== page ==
LAS VEGAS -- A helmeted bandit who escaped the Bellagio with $1.5 million in chips during a daring gunpoint heist returned to the scene of the crime several times before his luck finally ran out, police said Thursday.
"He likes to gamble," Las Vegas police Lt. Ray Steiber said as he described for reporters how Anthony M. Carleo, 29, the son of a Las Vegas judge, was nabbed late Wednesday on the same casino floor at the Bellagio resort.
Carleo wasn't armed and offered no resistance when he was taken into custody. Steiber wouldn't say whether Carleo was trying to sell the hot casino chips.
The arrest was part of an undercover police investigation, a person familiar with the investigation said. The person declined to be named because he was not authorized to publicly provide details about the case.
Police recovered $900,000 in chips, and can account for $1.2 million, Steiber said. He said police were still looking for the black Suzuki GSXR they say Carleo used to make his getaway in the pre-dawn hours of Dec. 14. The police lieutenant wouldn't say whether police still believe the same man robbed the Suncoast casino in northwest Las Vegas at gunpoint early Dec. 8, although police previously said the same person was suspected in both heists.
Carleo's father, Las Vegas Municipal Court Judge George Assad, issued a statement through a publicist saying he and his family were "devastated and heartbroken to see my son arrested under these circumstances."
Assad said that as a working judge, he couldn't comment about "any pending legal matter as it relates to anyone, including my son."
"I can say that as a prosecutor and a judge, I have always felt people who break the law need to be held accountable," he added.
It wasn't immediately clear whether Carleo had a lawyer.
Carleo is a former real estate broker and student who declared bankruptcy in Colorado in May 2009. On his bankruptcy filing, he listed among his personal belongings a .40-caliber Taurus pistol.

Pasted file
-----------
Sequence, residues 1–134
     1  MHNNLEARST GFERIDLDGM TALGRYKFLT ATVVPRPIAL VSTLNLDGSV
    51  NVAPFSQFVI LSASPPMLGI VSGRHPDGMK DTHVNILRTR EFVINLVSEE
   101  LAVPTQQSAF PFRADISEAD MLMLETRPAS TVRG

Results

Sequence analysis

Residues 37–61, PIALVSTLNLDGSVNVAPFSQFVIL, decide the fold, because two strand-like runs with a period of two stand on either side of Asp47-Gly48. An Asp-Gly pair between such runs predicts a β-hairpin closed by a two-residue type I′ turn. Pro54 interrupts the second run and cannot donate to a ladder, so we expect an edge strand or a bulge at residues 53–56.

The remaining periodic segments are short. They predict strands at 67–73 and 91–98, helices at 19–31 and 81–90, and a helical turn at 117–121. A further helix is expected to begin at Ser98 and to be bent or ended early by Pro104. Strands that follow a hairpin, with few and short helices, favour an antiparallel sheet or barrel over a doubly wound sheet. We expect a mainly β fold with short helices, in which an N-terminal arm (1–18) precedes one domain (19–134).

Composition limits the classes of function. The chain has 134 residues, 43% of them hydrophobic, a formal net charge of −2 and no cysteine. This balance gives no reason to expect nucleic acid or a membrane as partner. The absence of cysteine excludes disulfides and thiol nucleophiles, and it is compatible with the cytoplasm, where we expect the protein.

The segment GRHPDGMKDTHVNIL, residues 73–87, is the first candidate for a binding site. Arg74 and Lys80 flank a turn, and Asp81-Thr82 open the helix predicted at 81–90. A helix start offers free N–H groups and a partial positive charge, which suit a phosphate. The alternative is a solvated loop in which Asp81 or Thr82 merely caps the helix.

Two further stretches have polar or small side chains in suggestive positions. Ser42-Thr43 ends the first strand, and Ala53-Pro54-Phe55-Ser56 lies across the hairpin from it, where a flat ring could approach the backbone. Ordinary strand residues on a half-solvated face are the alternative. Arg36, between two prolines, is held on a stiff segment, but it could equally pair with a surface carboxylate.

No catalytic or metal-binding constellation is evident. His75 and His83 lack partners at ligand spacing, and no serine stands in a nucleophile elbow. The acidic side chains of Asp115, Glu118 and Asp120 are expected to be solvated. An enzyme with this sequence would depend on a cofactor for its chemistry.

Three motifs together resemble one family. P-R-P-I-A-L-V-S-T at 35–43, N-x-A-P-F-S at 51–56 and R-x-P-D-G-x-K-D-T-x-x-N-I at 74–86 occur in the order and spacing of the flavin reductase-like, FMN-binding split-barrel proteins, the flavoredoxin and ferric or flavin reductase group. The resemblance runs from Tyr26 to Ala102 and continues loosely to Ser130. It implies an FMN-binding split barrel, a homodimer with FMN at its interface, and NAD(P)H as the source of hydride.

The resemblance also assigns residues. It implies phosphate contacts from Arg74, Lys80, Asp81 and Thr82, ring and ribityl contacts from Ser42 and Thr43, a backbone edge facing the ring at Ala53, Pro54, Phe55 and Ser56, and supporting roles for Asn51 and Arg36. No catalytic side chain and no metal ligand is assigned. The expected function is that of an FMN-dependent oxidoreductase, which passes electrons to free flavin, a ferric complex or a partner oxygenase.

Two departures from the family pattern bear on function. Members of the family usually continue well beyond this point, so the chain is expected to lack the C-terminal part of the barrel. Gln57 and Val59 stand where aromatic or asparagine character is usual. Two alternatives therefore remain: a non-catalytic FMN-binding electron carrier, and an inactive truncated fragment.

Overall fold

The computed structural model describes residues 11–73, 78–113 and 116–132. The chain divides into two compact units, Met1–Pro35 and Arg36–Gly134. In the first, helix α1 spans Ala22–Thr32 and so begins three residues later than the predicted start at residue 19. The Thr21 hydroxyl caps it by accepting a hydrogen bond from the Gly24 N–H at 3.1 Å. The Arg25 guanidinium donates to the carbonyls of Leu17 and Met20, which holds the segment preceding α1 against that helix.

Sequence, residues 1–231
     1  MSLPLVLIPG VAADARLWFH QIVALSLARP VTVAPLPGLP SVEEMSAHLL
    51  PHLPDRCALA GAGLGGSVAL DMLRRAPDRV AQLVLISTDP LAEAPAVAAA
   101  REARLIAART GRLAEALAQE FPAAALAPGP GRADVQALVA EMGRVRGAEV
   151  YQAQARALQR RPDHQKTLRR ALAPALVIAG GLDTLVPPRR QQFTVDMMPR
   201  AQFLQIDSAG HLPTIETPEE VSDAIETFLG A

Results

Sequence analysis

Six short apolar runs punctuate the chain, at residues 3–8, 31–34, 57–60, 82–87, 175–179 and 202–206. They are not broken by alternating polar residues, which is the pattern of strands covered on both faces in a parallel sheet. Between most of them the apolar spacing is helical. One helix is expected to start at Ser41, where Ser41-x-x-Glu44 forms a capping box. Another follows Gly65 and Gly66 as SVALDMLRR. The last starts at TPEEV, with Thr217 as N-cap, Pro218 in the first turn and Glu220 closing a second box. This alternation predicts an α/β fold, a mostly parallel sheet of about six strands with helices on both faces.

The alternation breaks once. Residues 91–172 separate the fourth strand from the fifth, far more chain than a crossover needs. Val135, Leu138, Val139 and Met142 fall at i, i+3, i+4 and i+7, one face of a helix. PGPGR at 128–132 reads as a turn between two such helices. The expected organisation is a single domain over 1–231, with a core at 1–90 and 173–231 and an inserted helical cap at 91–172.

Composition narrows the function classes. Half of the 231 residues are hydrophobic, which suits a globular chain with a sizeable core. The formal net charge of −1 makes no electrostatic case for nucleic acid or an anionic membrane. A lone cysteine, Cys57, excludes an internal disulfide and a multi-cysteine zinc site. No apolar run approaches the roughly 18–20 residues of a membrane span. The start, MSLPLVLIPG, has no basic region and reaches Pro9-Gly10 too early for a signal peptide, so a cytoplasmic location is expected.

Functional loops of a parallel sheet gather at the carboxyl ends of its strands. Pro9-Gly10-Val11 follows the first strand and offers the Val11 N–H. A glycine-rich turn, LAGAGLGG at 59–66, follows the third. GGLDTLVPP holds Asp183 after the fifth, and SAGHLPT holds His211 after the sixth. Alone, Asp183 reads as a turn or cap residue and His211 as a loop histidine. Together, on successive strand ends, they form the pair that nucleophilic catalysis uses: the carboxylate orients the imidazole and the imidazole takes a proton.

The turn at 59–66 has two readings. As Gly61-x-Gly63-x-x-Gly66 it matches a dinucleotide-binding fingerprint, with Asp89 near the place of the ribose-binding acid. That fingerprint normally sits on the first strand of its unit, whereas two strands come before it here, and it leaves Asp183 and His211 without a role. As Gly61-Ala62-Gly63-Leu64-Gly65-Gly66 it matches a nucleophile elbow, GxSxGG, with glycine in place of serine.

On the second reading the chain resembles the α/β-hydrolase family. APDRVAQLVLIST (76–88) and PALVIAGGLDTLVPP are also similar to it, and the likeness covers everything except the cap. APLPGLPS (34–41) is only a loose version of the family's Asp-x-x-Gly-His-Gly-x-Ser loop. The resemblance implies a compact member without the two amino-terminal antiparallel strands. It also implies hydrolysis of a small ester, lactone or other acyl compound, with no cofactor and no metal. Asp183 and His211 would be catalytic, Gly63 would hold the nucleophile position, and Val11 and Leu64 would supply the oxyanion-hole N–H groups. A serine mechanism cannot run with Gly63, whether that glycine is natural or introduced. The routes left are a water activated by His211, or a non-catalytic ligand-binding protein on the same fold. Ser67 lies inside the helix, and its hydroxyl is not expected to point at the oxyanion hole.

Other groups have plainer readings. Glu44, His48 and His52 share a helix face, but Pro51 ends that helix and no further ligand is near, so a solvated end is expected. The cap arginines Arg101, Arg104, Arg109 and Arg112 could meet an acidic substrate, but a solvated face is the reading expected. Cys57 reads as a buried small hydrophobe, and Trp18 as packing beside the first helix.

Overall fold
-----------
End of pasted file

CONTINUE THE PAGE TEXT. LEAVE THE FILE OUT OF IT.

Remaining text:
His bankruptcy filing said Carleo received at least $19,000 from his father over a three-year period, but owed nearly $188,000 in various debts. The case was closed seven months later, and a lawyer from the firm that represented him then said Thursday that they are not representing him now.
Voting records in 2010 showed that Carleo lived at the same address as his father in Las Vegas.
Jail records showed Carleo was being held under the name Anthony M. Assad. The name was also used in Carleo's bankruptcy filing.
His bail was set at $15,000 on felony armed robbery and burglary charges. Court spokeswoman Mary Ann Price said he was due for an initial appearance in Las Vegas Justice Court on Monday.
Carleo won't be required to appear when a judge reviews the charges against him on Friday, Price said.
A police statement early Thursday said Carleo would face a drug trafficking charge. But Steiber told reporters that officials ultimately decided not to seek that charge. He didn't say why.
Experts and police noted after the heist that stealing $1.5 million in chips isn't like stealing $1.5 million in cash.
Chips are unique to casino properties and are generally not interchangeable, although state regulations let casino companies redeem sister properties' chips with some restrictions.
After the heist, Bellagio announced plans to discontinue the casino's $25,000 chips in April, setting a deadline for the thief to try to use them. Police have not said whether Carleo tried to redeem the chips -- which ranged from $100 to $25,000 -- before his arrest.
Steiber said investigators followed numerous tips in the case, and on Dec. 23 interviewed a Salvation Army bell ringer who tried to cash a $25,000 Bellagio chip. He told police that a man he didn't know put the chip in his pocket while he was manning a charity collection bucket.
Bellagio officials won't say whether MGM Resorts International properties, which include the posh hotel-casino on the Strip known for its fountains, are among Las Vegas casinos that embed radio frequency devices inside the tokens.
Police say it took less than three minutes for the robber to pull off the heist.
He entered the casino from Flamingo Road, strode fewer than 500 feet to a craps table, brandished the handgun at the 10 to 12 patrons and three or four dealers with chips piled on the green felt, scooped up the loot and ran.
Casino security officers didn't confront the robber, but a ceiling security video camera followed his path out the door. Police say a 911 call was placed to police while the man was still in the casino.
He was gone by the time police arrived.
Associated Press writers Cristina Silva and Ken Ritter contributed to this report.